Pulmonary Health Program

Program Director: Dr. David Jackson

Introduction

While deployed to Southwest Asia, many Soldiers and other service members were exposed to very high levels of naturally occurring fine dust particles in the air. Environmental monitoring by Army public health showed that the particle levels in Iraq and Afghanistan often exceed US Environmental Protection Agency, National Institute for Occupational Safety and Health (NIOSH), and Occupational Safety and Health Administration (OSHA) limits, as well as military exposure guidelines. In addition to the natural dust, many service members were also exposed to burn pit smoke and to industrial, vehicular, and residential air pollution originating from local communities.

Although deployed military personnel are generally fit and in good health, the high levels of exposure to dust and air pollution at some locations have raised concerns about possible risks to service members' well-being.

USACEHR manages a Department of Defense-funded Pulmonary Health Research Program to investigate the possible health effects of exposure to Southwest Asian dust and air pollution on service members. The program builds on research that began under the USACEHR Biomarkers Program. Studies on the toxicity of natural Southwest Asian dusts and burn pit smokes are under way. Thorough clinical studies of active duty Service members who began experiencing shortness of breath after deployment are nearly complete, and clinical evaluations of Service members before and after deployment are being analyzed. The Program also has projects that are seeking objective biomarkers that will 1) help establish the extent of exposure to burn pit smoke that Service member had and 2) assist in evaluating new onset asthma after deployment. This arm of the Pulmonary Health Research Program supports the VA/DoD Joint Airborne Hazards Action Plan.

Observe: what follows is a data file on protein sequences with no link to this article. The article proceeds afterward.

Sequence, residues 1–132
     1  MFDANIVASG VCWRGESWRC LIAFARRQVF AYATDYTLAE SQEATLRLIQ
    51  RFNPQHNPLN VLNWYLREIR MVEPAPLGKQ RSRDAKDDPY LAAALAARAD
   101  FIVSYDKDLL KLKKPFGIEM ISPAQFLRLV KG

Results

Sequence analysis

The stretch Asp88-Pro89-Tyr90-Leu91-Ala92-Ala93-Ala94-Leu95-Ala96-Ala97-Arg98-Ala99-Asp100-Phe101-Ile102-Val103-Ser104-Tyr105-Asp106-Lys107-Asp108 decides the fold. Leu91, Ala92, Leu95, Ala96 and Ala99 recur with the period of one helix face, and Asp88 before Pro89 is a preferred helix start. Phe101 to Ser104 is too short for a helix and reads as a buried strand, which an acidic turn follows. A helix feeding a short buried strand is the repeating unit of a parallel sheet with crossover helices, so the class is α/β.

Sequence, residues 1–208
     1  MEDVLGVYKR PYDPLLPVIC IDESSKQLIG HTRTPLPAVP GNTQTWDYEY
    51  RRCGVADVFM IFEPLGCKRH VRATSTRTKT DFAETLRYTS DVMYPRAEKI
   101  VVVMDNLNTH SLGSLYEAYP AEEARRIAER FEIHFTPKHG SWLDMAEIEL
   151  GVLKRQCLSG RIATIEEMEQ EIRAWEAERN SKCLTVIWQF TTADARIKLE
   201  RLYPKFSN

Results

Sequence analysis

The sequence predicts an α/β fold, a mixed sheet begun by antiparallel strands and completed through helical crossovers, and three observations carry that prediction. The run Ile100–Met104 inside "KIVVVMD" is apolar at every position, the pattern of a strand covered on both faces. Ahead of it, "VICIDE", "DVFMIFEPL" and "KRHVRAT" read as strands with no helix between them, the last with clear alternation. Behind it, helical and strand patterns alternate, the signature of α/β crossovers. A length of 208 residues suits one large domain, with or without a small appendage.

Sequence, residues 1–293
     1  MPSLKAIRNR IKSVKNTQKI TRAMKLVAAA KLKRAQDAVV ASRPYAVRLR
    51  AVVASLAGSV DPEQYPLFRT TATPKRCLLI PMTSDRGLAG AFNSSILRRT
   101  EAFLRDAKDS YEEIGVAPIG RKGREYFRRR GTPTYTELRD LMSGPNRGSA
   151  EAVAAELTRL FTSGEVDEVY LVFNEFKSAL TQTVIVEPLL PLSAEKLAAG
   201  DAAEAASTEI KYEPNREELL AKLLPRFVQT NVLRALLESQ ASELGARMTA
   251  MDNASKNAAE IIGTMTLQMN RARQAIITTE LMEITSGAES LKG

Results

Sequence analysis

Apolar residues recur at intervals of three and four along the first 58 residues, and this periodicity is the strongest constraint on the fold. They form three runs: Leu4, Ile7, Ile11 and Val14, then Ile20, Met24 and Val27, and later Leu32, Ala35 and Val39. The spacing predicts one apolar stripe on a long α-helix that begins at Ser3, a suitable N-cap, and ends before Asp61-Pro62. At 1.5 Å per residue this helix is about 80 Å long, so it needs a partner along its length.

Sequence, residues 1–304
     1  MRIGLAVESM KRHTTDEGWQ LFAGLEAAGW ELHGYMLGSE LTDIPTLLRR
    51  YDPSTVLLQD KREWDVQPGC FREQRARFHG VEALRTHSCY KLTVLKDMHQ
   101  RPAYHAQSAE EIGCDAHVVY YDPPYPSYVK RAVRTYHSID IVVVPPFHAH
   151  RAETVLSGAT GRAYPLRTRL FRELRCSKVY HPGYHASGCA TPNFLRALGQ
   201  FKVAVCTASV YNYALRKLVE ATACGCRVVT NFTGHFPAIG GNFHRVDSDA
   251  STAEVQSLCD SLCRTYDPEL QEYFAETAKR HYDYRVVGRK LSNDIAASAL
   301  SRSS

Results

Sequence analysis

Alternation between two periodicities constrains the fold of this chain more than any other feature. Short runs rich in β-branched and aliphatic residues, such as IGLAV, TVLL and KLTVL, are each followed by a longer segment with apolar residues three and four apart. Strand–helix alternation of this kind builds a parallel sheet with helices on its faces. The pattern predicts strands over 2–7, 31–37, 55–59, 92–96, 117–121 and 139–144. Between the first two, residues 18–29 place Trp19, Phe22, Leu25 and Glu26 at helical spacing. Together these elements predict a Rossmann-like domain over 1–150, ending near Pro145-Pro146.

Recently, the Pulmonary Health Research Program has also begun funding research directed toward improved military occupational health monitoring using sensitive cognitive tests, real time exposure monitoring, and tests for lung injury in divers.

USACEHR has built strong connections to military and non-military federal agencies and academic organizations concerned with airborne hazards and inhalational exposures by participating in national symposia and convening multidisciplinary, multi-agency working groups to shape the Pulmonary Health Program. Advice has been drawn from the US Army Public Health Command, the Navy medical research community, the Department of Veterans Affairs, the NIOSH, National Jewish Health, the University of California at Davis, and elsewhere.

The Pulmonary Health Research Program has taken an integrated approach using clinical, epidemiological, and toxicological studies to determine the prevalence and severity of pulmonary disease associated with deployment to Southwest Asia and identify behavioral, geographic, and other factors that may affect disease causation and progression. It is expected that the Program's emphasis on improving occupational exposure assessment will continue to expand.